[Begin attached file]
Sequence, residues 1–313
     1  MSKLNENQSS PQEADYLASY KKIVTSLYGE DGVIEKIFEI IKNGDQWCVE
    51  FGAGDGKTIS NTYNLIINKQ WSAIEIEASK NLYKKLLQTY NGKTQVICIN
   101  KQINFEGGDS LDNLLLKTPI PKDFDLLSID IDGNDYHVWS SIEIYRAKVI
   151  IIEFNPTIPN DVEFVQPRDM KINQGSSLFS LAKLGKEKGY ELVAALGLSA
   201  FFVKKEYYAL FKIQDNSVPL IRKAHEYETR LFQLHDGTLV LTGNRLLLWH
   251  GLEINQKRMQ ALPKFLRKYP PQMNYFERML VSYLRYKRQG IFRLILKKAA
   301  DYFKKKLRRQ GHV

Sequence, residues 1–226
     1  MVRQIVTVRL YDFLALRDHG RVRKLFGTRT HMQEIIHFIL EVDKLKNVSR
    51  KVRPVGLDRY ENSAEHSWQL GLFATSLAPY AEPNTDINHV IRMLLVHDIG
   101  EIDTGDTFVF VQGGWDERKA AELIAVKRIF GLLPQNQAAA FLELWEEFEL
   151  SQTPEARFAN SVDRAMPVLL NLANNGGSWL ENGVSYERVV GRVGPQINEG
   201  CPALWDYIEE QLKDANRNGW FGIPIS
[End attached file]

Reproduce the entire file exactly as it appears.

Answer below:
Sequence, residues 1–313
     1  MSKLNENQSS PQEADYLASY KKIVTSLYGE DGVIEKIFEI IKNGDQWCVE
    51  FGAGDGKTIS NTYNLIINKQ WSAIEIEASK NLYKKLLQTY NGKTQVICIN
   101  KQINFEGGDS LDNLLLKTPI PKDFDLLSID IDGNDYHVWS SIEIYRAKVI
   151  IIEFNPTIPN DVEFVQPRDM KINQGSSLFS LAKLGKEKGY ELVAALGLSA
   201  FFVKKEYYAL FKIQDNSVPL IRKAHEYETR LFQLHDGTLV LTGNRLLLWH
   251  GLEINQKRMQ ALPKFLRKYP PQMNYFERML VSYLRYKRQG IFRLILKKAA
   301  DYFKKKLRRQ GHV

Sequence, residues 1–226
     1  MVRQIVTVRL YDFLALRDHG RVRKLFGTRT HMQEIIHFIL EVDKLKNVSR
    51  KVRPVGLDRY ENSAEHSWQL GLFATSLAPY AEPNTDINHV IRMLLVHDIG
   101  EIDTGDTFVF VQGGWDERKA AELIAVKRIF GLLPQNQAAA FLELWEEFEL
   151  SQTPEARFAN SVDRAMPVLL NLANNGGSWL ENGVSYERVV GRVGPQINEG
   201  CPALWDYIEE QLKDANRNGW FGIPIS